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Thursday, May 18, 2017

Judge denies $2 million bail package for aging Bonanno captain after threats surface

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A Brooklyn federal judge rejected the bail bid of "Goodfellas" gangster Vinny Asaro Thursday, days after the feds accused the aging mobster of trying to arrange the murder of a prosecutor on his arson case.
Judge Allyne Ross brushed off Asaro's $2 million bail package, saying the charges — having a car torched that cut in his traffic lane — and the new claims of a rub-out all combined to show "just how volatile, dangerous and violent the defendant remains."
Asaro denied making any threats. But Ross said the fact that authorities even had to investigate the incident showed there were “credible threats warranting a response.”
The judge said it made no difference if the 82-year Bonanno capo had health problems, as the defense argued. The high-ranking gangster only had to communicate his intentions to others in order to put people at risk, Ross said.
In 2015, Asaro was acquitted on charges that he was involved in the 1978 Luftansa heist immortalized in the 1990 gangland opus "Goodfellas."
But prosecutors indicted Asaro in March for having a car charred by mobster minions in 2012 when the driver cut in his lane. They nabbed him, plus six others who were accused of other crimes like a bank robbery and jewelry store stick-ups.
Asaro was held without bail when arrested on the new case.
And that's when prosecutors said an inmate passing through the Metropolitan Detention Center heard the alleged threats.
"We need to handle this and do something about this b---h," Asaro allegedly told another defendant in his case. According to sources, the person referred to is Assistant U.S. Attorney Nicole Argentieri, who wasn't at Thursday's court clash.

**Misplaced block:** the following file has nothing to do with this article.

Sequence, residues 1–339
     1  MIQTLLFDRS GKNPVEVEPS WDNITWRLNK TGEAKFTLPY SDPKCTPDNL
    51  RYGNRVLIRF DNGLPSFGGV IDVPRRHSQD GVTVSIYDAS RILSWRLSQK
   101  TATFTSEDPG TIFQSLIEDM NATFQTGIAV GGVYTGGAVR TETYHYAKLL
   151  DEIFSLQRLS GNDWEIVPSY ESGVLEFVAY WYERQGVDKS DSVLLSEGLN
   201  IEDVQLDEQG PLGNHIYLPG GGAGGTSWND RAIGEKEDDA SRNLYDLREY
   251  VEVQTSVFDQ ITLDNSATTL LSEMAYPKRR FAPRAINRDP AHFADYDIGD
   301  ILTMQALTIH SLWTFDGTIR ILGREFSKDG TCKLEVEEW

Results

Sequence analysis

Another time, Asaro allegedly said, "We need to do something about this b---h, and not f--k it up like Vinny. We need to handle this."
"Vinny," according to the prosecution, is the onetime acting Bonanno boss Vincent Basciano who tried to get the prosecutor on his case whacked.
On Tuesday, Asaro's lawyer, Elizabeth Macedonio, said her client "adamantly denies" the allegations he was putting out any sort of hit request.
And even at the very best, Macedonio said this was "an angry, 82-year-old man sitting in prison lamenting he was back in prison" in the sights of the same government team that came at him in the Luftansa case.
Macedonio said she's had hundreds of defense clients through the years who've complained about the prosecutors on their case.
There was "nothing special except for the fact that the government is going after Mr. Asaro yet again."
The murder threat investigation turned up zilch, Macedonio said, noting authorities found no plans or anything in visitor logs and recorded calls.
She noted Asaro was thrown in the special housing during the investigation — but now he's back in general jail population with the other reputed Bonanno members and associates.
Asaro posed no danger to the community, she said. He's been minding his business since his 2015 acquittal, Macedonio said. The old-timer's been acting like any other old-timer — "cooking dinner, eating dinner, enjoying his family."
Assistant U.S. Attorney Keith Edelman said Asaro was doing more making blustery chit chat behind bars. He made "multiple, specific serious threats regarding a prosecutor," Edelman said.
In Asaro's world, phrases like "do something" and "handle this" were "specific words with specific meaning ... it’s murder."
Asaro's family and supporters blew him kisses and said "we love you" as he was taken out of court. They declined to comment outside the courtroom.
Macedonio told reporters she was "disappointed" the judge "relied on the government's baseless allegations. Now we're going to focus on the trial."
Asaro's trial is scheduled for August.



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